Delaware Manors new 36 unit addition going up

July 14, 2012
| By Pete Daly |
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"Quite an accomplishment" is how Mike Houseman of Wolverine Building Group sums up the 36-unit, $3.5 million construction project his company is putting up for Delaware Manor. The facility is on Delaware Street a few blocks south of downtown Grand Rapids at South Division Avenue.

Construction began this spring and the facility is scheduled to begin occupancy in December, but Houseman, president of Wolverine's North America Division, is most impressed by the three-year effort by Delaware Manor management to obtain the $3.5 million HUD grant last year for the new facility, to be called Delaware Heights.

"There was a lot of competition" for the HUD funding, he noted.

Designed by architectural firm DTS Winkelmann, Delaware Heights is a three-story building adjacent to the original Delaware Manor, which will total 35,500 square feet. It was fully funded by the grant from the U.S. Department of Housing and Urban Development — one of only two HUD grants made for facilities of its type in Michigan that year. The other is in Flint.

Jim Reyers, vice president of Wolverine's North America Division and the project manager at Delaware Heights, said it is one of very few HUD new-construction projects underway in western Michigan and one of the bigger projects Wolverine has underway here. He said the project will employ about 100 people by the time it is completed.

Delaware Manor is owned by Citizens for Better Living, a Michigan nonprofit affiliated with the Seventh Day Adventists. CBL also has a HUD-subsidized residential facility for low-income seniors in southeast Michigan. The nonprofit was founded years ago and is still led by the Rev. John and Melinda Grier, who once lived in Grand Rapids but now live in the Detroit area.

Paragon Management Inc., based in western Oakland County, took over management of Delaware Manor several years ago, which had been deemed a "troubled property." In 2010, the National Affordable Housing Management Association announced that Delaware Manor and another facility in Boston were tied for first place in the organization's national Outstanding Turnaround of a Troubled Property award.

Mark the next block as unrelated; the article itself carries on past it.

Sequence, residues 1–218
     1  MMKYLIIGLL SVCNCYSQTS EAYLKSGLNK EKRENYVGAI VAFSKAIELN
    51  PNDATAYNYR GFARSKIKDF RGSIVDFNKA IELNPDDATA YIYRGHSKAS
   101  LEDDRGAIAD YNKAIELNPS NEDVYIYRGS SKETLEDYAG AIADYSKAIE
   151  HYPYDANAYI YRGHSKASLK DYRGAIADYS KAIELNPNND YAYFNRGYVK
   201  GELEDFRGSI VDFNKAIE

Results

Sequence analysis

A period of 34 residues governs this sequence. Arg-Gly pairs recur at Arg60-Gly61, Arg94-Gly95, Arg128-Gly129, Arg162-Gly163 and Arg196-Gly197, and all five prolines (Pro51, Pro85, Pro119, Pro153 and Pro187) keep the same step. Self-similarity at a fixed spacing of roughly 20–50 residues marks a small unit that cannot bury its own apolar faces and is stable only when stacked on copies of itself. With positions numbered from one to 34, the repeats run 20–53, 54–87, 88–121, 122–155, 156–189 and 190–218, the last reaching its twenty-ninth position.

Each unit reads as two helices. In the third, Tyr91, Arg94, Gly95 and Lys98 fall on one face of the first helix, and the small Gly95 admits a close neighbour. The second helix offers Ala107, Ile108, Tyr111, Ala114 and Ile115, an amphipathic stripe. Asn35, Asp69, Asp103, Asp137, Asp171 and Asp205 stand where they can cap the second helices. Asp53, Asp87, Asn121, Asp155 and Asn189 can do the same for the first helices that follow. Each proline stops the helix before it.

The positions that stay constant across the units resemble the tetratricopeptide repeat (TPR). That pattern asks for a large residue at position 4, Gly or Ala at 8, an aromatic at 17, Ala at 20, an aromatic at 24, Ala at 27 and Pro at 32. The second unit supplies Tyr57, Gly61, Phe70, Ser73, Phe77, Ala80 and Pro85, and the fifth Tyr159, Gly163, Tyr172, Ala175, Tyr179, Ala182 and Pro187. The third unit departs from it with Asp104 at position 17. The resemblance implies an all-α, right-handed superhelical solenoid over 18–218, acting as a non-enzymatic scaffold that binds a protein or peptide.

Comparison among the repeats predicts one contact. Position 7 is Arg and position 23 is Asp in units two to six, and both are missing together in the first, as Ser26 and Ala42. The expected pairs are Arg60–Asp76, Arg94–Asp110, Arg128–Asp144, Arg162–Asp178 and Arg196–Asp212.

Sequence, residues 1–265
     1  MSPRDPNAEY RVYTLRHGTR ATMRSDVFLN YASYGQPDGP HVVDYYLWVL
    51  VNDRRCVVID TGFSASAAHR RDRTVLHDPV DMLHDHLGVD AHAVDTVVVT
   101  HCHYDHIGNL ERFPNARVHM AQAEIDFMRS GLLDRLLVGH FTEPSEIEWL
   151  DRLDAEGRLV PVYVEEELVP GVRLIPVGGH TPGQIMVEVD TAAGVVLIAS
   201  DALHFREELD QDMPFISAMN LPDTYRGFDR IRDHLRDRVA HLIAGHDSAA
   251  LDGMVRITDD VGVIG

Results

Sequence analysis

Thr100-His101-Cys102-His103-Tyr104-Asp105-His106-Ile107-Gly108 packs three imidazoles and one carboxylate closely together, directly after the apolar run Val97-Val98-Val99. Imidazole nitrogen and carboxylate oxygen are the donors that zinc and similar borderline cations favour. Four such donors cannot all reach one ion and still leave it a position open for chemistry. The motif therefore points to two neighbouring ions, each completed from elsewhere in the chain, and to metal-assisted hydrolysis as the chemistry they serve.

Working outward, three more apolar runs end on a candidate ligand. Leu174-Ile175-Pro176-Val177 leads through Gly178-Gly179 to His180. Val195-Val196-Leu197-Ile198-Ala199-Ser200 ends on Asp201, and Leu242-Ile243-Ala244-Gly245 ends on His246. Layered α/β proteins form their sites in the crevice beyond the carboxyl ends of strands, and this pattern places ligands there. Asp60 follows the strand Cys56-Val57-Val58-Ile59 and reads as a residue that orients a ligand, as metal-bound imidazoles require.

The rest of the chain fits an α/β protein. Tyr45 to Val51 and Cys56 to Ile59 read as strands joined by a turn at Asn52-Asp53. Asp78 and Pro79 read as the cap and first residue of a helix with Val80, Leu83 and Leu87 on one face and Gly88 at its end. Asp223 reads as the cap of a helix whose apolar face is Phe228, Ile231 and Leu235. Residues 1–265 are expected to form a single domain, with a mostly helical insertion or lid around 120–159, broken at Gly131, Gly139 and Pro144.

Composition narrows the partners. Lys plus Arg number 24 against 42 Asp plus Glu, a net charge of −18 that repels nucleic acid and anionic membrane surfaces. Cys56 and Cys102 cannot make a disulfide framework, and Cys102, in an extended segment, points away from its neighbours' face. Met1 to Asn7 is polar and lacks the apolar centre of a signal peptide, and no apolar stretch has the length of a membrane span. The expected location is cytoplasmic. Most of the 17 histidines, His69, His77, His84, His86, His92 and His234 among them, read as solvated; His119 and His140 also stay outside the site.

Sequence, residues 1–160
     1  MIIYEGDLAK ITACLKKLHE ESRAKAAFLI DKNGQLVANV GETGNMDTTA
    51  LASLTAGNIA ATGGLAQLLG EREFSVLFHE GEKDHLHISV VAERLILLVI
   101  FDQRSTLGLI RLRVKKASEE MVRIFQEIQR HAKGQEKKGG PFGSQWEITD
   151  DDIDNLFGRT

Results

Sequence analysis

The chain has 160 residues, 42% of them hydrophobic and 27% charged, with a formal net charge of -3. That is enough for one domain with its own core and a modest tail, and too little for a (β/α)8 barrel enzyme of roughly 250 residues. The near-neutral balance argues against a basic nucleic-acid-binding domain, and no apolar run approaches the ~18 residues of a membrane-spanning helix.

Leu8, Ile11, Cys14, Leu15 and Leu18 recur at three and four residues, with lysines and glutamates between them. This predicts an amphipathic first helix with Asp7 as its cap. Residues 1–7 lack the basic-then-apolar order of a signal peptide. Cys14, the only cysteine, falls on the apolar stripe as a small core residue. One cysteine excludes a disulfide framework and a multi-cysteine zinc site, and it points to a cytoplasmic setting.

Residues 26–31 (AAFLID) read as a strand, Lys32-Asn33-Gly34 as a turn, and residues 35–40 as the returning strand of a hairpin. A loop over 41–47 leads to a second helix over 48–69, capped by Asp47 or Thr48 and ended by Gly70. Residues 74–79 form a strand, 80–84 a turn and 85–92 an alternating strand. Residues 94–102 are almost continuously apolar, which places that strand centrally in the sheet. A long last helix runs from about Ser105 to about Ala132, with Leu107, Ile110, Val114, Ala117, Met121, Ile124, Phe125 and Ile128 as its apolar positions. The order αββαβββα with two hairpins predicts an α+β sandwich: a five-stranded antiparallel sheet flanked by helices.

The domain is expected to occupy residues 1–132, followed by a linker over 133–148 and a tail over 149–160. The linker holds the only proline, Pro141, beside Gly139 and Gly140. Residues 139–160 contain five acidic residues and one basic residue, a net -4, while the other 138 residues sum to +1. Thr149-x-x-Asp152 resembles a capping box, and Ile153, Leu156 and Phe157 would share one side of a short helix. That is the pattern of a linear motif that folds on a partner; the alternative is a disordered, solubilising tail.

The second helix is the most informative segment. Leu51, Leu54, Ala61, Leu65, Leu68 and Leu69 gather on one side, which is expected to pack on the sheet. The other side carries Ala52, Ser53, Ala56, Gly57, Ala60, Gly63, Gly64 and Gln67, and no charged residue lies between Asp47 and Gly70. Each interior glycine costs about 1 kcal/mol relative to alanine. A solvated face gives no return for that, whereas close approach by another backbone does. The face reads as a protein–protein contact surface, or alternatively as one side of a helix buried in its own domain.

Margaret Davey, the president of Paragon, is pleased to take a bow for that recognition from NAHMA. Davey manages HUD-subsidized low-income apartment buildings throughout Michigan, and also manages the Meals on Wheels program covering Livingston County and western Oakland County.

"I'm serving seniors and I love it," said Davey, whose enthusiasm for her work is readily apparent.

As for the Delaware Heights addition, "there was just this need for it," she said. "Here people were, knocking on our door, and we had all this property" available next to Delaware Manor.

She said the HUD grant is "kind of like a gift to the nonprofit" that built Delaware Manor in the first place. Davey praised the hard work of Paragon staff accountant Janeen Wiltse, who wrote the grant request, and said she is convinced the HUD decision to grant their request "is based on the fact that we have award-winning buildings."

Davey went with the Griers to Washington, D.C., last year when the grant was formally presented by HUD.

Before Paragon came on the scene, Delaware Manor "needed a little help and some life, so we came in," said Davey. As a management company, she said, "I want to do more for the people than just collect the rent."

There is definitely life at Delaware Manor. Davey installed a computer room equipped with donated PCs, but there is also an instructor to help residents learn how to use the equipment and the Internet, so it's more than just a place for them to spend time.

Meals are provided five days a week by Kent County Meals on Wheels, said Davey.

Also on staff is a service coordinator, who advises residents when they have problems with things such as phone bills. "We just offer all kinds of things for the people," she added.

Davey is very good at finding bargain-priced furnishings and décor for the facility at antique shops, and she has a lot of people who keep her in mind when they have something to donate. Someone, in fact, donated a 60-inch flatscreen TV, which is now set up with a Wii bowling game.

Nearly 60 people live in the 49 Delaware Manor units, including a few married couples, said Davey. It is fully occupied and there is a waiting list of those age 62 or older who want to live there and qualify for subsidized rent. The rent is $500 a month.

Davey said the HUD application took months to put in written form and ultimately was "like 5 inches thick."

"I love working with the Grand Rapids HUD office," she said. The local HUD staff reviews the Delaware Manor budget and "they review us. They come out to walk through the building. They look at our paperwork. We have to submit papers and things every month. It's very involved, but we have kind of got it down pat," she said.

Davey said when Delaware Manor won the HUD grant for its new addition, some people wondered how a small management company could achieve such an accomplishment.

"It's based on the fact that we work hard," she said. "This is my 25th year in business. They know I would do what I said I would do."

Davey has high praise for Wolverine Building Group, which has also done work at Paragon-managed subsidized housing properties in southeast Michigan.

"They do the best work," said Davey. And Mike Houseman, she said, "goes above and beyond."

The people at Wolverine are "wonderful partners," said Davey.

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